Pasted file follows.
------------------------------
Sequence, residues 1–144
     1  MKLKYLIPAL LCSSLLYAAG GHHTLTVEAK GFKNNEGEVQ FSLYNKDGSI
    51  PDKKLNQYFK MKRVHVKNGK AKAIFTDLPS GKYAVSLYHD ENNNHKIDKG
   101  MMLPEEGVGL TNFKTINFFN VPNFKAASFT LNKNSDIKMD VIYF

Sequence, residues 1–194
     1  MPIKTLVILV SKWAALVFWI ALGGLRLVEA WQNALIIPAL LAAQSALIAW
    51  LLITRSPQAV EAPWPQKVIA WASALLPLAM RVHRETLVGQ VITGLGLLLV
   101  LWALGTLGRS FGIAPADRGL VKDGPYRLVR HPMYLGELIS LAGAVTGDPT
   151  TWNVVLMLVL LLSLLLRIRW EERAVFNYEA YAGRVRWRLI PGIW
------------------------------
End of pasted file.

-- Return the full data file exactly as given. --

Sequence, residues 1–144
     1  MKLKYLIPAL LCSSLLYAAG GHHTLTVEAK GFKNNEGEVQ FSLYNKDGSI
    51  PDKKLNQYFK MKRVHVKNGK AKAIFTDLPS GKYAVSLYHD ENNNHKIDKG
   101  MMLPEEGVGL TNFKTINFFN VPNFKAASFT LNKNSDIKMD VIYF

Sequence, residues 1–194
     1  MPIKTLVILV SKWAALVFWI ALGGLRLVEA WQNALIIPAL LAAQSALIAW
    51  LLITRSPQAV EAPWPQKVIA WASALLPLAM RVHRETLVGQ VITGLGLLLV
   101  LWALGTLGRS FGIAPADRGL VKDGPYRLVR HPMYLGELIS LAGAVTGDPT
   151  TWNVVLMLVL LLSLLLRIRW EERAVFNYEA YAGRVRWRLI PGIW